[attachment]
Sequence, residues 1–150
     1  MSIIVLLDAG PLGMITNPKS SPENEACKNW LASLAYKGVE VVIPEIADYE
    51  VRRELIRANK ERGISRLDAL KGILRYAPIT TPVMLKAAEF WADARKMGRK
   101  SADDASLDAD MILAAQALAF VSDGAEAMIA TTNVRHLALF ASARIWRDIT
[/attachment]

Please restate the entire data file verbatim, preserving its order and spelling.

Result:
Sequence, residues 1–150
     1  MSIIVLLDAG PLGMITNPKS SPENEACKNW LASLAYKGVE VVIPEIADYE
    51  VRRELIRANK ERGISRLDAL KGILRYAPIT TPVMLKAAEF WADARKMGRK
   101  SADDASLDAD MILAAQALAF VSDGAEAMIA TTNVRHLALF ASARIWRDIT